Initially the vaccine was in short supply so tiered phases were created.  We have completed the three tiers in phase 1A (health care personnel, those 65 plus and long-term care residents) and have now moved into phase 1B which covers educators and first responders (fire and police).  The vaccination process is expanding, and the County is now vaccinating childcare workers and food and agricultural workers. Children 10 and under although not immune are less affected as they have significantly fewer ACE receptors in the nose and body that the virus attaches to and they also produce more antibodies because they get more colds.  Studies continue regarding youth vaccination.  Eligibility, per the President, is scheduled to expand to anyone over age 16 by May 1st.

All available vaccines are very effective but our homeless and other populations can be extremely difficult to track so the Johnson & Johnson’s one-shot vaccine is of great benefit.  Additionally, the vaccine can be transported under normal refrigeration enabling ease of distribution to our smaller or remote locations in the County.  The partnership between Johnson & Johnson and Merck to increase production capacity is a major breakthrough.  He asked the meeting participants, as leaders, to reach out to others encouraging vaccination.

Different populations are expressing vaccine hesitancy especially in communities of color.  Only 40% of African Americans and 50% in Hispanic communities are willing to get the vaccine.  Much of the hesitancy is based in mistrust.  Dr. Sequeira cited the Tuskegee experiments where researchers conducted studies on black men without their informed consent.  Additionally, the recent acts of racism have intensified this lack of trust.  He and community outreach groups have had successful meetings with various groups, providing information, and this work will continue and grow.  An unexpected number of front-line medical workers (35-60%) have refused the vaccine even though this group had the highest COVID mortality rate (40%) than any other group.  The surprising numbers are predominantly in the nursing field compared to 95% acceptance from physicians.  Educational outreach continues as they desire to turn these numbers around.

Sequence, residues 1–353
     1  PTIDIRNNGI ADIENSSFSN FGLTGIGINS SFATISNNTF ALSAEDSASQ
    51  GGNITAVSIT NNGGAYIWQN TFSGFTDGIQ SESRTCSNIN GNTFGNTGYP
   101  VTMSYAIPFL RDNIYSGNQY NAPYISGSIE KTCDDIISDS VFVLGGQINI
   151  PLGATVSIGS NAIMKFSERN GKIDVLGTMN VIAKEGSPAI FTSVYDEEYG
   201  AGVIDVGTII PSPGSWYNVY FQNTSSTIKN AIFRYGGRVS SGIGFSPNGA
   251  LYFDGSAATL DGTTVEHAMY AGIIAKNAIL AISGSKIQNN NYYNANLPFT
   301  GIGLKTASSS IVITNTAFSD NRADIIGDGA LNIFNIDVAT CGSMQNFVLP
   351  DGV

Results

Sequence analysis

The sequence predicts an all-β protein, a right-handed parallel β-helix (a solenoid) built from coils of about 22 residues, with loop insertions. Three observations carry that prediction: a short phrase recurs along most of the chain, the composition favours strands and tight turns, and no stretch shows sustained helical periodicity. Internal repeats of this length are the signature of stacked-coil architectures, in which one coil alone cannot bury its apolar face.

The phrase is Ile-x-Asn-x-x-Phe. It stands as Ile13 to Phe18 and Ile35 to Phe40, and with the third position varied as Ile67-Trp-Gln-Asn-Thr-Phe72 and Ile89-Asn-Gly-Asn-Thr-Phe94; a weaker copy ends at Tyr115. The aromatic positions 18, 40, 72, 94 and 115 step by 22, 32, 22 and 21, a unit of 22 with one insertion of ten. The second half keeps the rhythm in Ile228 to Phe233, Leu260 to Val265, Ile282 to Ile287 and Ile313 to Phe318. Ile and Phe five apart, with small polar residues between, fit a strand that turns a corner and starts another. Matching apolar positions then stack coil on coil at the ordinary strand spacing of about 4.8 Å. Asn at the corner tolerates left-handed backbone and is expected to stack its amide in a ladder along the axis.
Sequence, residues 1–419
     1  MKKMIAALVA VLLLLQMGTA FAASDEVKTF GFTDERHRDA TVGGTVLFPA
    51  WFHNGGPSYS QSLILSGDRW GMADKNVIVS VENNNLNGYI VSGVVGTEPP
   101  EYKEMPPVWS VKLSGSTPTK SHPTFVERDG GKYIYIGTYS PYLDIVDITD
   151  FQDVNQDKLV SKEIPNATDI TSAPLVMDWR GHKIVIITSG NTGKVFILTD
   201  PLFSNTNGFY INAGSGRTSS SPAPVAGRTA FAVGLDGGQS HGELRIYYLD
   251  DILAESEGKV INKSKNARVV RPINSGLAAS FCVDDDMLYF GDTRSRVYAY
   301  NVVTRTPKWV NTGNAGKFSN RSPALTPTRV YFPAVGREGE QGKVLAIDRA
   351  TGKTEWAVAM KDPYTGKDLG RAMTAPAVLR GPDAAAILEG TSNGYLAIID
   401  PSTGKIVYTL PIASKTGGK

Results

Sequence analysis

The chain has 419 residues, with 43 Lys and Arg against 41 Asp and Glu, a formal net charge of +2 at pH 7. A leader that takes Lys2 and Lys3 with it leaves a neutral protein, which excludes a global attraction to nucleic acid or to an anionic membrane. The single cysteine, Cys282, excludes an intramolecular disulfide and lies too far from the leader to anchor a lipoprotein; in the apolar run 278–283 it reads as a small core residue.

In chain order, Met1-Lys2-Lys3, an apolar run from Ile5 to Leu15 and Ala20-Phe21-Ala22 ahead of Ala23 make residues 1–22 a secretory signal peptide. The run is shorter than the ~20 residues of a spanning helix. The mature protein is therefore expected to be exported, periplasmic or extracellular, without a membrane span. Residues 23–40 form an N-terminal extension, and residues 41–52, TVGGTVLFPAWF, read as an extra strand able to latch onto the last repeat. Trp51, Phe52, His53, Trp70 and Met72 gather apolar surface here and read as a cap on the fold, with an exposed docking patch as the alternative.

The drop in incidents is in part due to some form of immunity by those who have already contracted COVID, vaccine distribution and the acceptance of masks and social distancing.

The pandemic should never have become as political as it was and he hopes that science will prevail in the future.

Q & A period followed.
Meeting adjourned at 9:03 a.m.